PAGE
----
Reverb -Holy Grail of Adjustable Seat Posts?

Posted by  Manny   

For all those all-mountain jockeys out there confused about what adjustable seat post to get, this is for you. Now I’ve been riding adjustables for a few years, and I’m embarrassed to say, I’ve spent a boat load of money on several different versions. Hopefully you won’t have to go down the same path. Before I continue let me make clear I am not sponsored by any company or manufacture so this is a non-biased opinion.

Adjustable seatposts have been around now for many years. Only in the last few years have they become mainstream and widely used with more companies jumping on the bandwagon. This is largely due to the advances in longer travel bikes, which to some degree have changed the type of terrain we are now able to ride.

Many of the issues with adjustables are only now starting to be addressed, which is why companies have not been able to have the same kind of market penetration as say hydraulic disc brakes. Let’s take a look at just a few of these issues.

Saddle Movement and Stiction: Creating a seal tight enough to avoid saddle side-to-side play but loose enough to avoid stiction, which prevents the post from raising and lowering smoothly.

Weight vs Strength: Creating a post strong enough but without the weight penalty for today’s weight conscious bike culture.

Quality vs Price: Manufacturing a quality product yet reasonably affordable to consumers.

Now, I dare to say that while many strides have been made in the right direction by manufacturers, not one has reached the perfect balance between these issues.

Let’s take a look at three seat post models I’ve owned.

The KS 900r was a big disappointment for me so when the KS 950r came out I had hoped some of the issues were addressed. However, the new version quickly became an even bigger disappointment. Some of the noticeable changes made were; stronger stanchion coding, thinner and lighter, new seat post clamp, and it sported a new remote lever and cable. I was very surprised when, after only one week of use, the post developed about an inch of bounce. It was as if you were sitting on an air bag and every time you went over a log or small drop the post moved up and down. What made it even worse is that Kind Shocks (a foreign company) has only one person responsible for servicing the US market. Many emails and calls have been sent to no avail. Also, the seat post had a much improved side-to-side play but it was still noticeable.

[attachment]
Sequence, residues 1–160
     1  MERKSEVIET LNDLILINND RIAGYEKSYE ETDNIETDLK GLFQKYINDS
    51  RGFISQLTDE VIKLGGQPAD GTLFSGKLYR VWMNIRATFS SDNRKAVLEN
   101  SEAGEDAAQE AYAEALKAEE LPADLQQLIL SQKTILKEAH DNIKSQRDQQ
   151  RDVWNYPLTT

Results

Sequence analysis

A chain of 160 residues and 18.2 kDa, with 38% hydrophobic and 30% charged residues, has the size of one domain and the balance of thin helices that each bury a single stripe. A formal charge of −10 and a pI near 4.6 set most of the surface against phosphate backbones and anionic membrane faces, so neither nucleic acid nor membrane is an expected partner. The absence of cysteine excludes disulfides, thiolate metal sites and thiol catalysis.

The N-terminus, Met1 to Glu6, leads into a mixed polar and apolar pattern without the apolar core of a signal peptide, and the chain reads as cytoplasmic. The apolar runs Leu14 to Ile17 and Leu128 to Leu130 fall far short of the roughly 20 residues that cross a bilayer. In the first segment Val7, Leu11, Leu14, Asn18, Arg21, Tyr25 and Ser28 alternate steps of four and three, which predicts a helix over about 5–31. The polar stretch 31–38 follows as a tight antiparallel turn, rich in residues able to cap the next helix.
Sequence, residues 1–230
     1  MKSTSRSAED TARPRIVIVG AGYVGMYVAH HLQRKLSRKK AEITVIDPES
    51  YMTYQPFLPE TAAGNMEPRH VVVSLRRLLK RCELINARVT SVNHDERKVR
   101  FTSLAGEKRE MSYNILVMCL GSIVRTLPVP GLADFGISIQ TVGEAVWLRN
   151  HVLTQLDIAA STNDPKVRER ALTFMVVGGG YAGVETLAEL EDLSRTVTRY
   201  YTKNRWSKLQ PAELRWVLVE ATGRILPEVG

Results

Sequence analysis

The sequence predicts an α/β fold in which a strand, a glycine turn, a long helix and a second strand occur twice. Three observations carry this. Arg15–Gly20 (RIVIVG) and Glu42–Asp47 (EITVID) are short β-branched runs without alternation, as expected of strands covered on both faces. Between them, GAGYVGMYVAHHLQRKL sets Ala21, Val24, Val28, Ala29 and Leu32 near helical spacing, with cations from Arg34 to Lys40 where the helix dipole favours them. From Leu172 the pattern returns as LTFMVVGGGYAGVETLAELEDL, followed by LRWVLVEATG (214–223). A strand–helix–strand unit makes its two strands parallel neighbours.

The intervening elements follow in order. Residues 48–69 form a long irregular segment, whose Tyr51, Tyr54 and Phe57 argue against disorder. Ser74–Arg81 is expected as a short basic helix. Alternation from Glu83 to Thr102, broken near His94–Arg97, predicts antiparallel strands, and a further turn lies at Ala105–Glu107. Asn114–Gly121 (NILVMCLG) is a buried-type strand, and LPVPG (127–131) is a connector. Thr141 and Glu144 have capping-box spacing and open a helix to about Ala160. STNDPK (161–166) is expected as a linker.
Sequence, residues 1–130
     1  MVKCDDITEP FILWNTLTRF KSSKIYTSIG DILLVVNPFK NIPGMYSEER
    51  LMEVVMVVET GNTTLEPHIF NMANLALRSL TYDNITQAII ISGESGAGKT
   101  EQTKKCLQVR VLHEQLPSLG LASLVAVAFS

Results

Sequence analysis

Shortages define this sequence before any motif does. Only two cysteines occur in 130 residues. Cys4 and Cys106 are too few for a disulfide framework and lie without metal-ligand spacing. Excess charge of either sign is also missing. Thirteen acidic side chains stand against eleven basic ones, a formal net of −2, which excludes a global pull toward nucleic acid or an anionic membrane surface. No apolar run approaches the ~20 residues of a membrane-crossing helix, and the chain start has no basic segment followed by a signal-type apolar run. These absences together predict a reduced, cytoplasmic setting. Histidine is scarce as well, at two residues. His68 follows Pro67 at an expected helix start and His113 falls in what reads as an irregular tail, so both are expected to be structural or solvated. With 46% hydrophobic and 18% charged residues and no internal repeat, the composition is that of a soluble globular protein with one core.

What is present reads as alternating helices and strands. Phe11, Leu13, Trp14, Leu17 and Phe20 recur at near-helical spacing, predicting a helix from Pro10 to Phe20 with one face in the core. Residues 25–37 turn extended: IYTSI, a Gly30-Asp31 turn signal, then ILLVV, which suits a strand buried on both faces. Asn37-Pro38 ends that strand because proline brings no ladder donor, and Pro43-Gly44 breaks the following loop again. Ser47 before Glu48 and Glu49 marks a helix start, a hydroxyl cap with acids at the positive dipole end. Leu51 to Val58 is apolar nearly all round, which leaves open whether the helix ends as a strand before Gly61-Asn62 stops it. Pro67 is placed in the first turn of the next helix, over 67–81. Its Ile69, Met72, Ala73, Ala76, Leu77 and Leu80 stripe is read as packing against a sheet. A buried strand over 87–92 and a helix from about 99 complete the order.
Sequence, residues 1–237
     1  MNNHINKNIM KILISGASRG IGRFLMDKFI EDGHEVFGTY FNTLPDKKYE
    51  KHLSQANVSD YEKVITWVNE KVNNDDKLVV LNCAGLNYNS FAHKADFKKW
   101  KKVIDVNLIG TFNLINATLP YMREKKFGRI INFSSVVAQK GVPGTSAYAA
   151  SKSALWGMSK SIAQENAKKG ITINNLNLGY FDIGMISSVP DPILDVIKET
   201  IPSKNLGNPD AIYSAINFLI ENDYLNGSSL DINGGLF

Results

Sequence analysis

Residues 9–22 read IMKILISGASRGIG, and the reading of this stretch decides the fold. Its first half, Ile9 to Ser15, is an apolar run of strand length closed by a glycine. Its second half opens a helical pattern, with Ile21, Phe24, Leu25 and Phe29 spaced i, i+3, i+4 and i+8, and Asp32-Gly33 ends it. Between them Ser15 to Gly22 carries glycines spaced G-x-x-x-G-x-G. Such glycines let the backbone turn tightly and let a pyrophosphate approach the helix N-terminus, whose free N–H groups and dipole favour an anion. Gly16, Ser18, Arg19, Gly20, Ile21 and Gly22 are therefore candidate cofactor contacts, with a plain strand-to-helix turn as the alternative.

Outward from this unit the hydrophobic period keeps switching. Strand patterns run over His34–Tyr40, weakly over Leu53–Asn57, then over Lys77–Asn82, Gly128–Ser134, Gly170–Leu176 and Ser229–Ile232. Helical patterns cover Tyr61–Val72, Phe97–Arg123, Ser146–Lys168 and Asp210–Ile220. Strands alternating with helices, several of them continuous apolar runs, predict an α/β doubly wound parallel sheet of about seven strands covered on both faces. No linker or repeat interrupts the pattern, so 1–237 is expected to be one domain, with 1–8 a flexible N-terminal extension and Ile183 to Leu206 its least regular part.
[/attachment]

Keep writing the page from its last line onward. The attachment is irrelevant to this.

The Joplin 4r did not inspire confidence from the start. First off…the missing inch was very noticeable on my rides. Although it looked very nice I was apprehensive about the construction. If you tightened the seat clamp to much the post would not return. The other issue was again, the side-to-side play, very noticeable. One other minor thing I also found just a bit annoying was how the post would extend if you picked the bike up by the saddle.

After six weeks as a new owner of the Reverb I must say I am impressed. My only complaints at this point is that the remote cable comes to long and the remote only ships right handed. If you need the left remote it will have to be purchased separately. As far as the side-to-side movement plaguing all the others seems to be a non-issue with the Reverb. Watch my video review at the end of this post for more details.

You can see I’ve been disappointed quite a bit. The three models we looked at here are all the latest on the market at the time of this writing. One other issue with all three of these seat post is the price point. Though the prices are starting to come down as more companies, like Rock Shox and soon Fox Shox, start to compete for market share they are still very expensive.

So has Rock Shox succeeded in building the “Holy Grail” of adjustable seat post? It sure seems like it… but it’s still to early in the game to tell. I will do a follow-up blog post after six months of use to let you know.

For those thinking dropping this amount of money on seat posts is insane….you are right. However, once you go adjustable there is no going back…. but that’s a whole new discussion I will cover on another blog post.

Click this link for a review update: Link


Lover of mountain bikes, cinematography, and life.


  1.   Mar 25, 2011, 9:54 PM

    “If you need the left remote it will have to be purchased separately”

    I’ve received mine in LEFT clamp MMX (Match Maker X), 30.9/380mm

    Maybe there isn’t yet for standard clamp, or will they come in June. I cannot confirm this and beware some of these clamps are for Rock Shock suspension so be absolutely sure before ordering !

    “the remote cable comes to long”
    I agree for my ride it was too long, but isn’t it better that way ? For big DH bike when you want your cable under the frame you don’t have to buy a separate cable. And the cutting is easy and they provide the bleed tool. I think it’s a good move, but if you want straight-out-the-box operation then indeed it’s a ‘issue’.

    •   Apr 01, 2011, 7:29 PM

      Thanks for the input David.

      I’m sure if I would have shopped around long enough I would have found one which shipped with the left remote. Hopefully Rock Shox will my it easier.

  2.   May 17, 2011, 4:56 PM

    So which one would you recommend?
    , I have tried to read as most as I can in mtbr, but it is simply too much information and there is too little time.

    I was considering the Reverb, but have read some negatives, though other brands have even more negatives.

    thanks in advance

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